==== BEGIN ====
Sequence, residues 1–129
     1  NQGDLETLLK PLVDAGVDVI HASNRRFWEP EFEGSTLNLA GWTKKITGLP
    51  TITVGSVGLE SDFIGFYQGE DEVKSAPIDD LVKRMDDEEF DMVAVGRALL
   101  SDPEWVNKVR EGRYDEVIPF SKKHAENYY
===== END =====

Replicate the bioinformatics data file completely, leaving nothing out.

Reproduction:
Sequence, residues 1–129
     1  NQGDLETLLK PLVDAGVDVI HASNRRFWEP EFEGSTLNLA GWTKKITGLP
    51  TITVGSVGLE SDFIGFYQGE DEVKSAPIDD LVKRMDDEEF DMVAVGRALL
   101  SDPEWVNKVR EGRYDEVIPF SKKHAENYY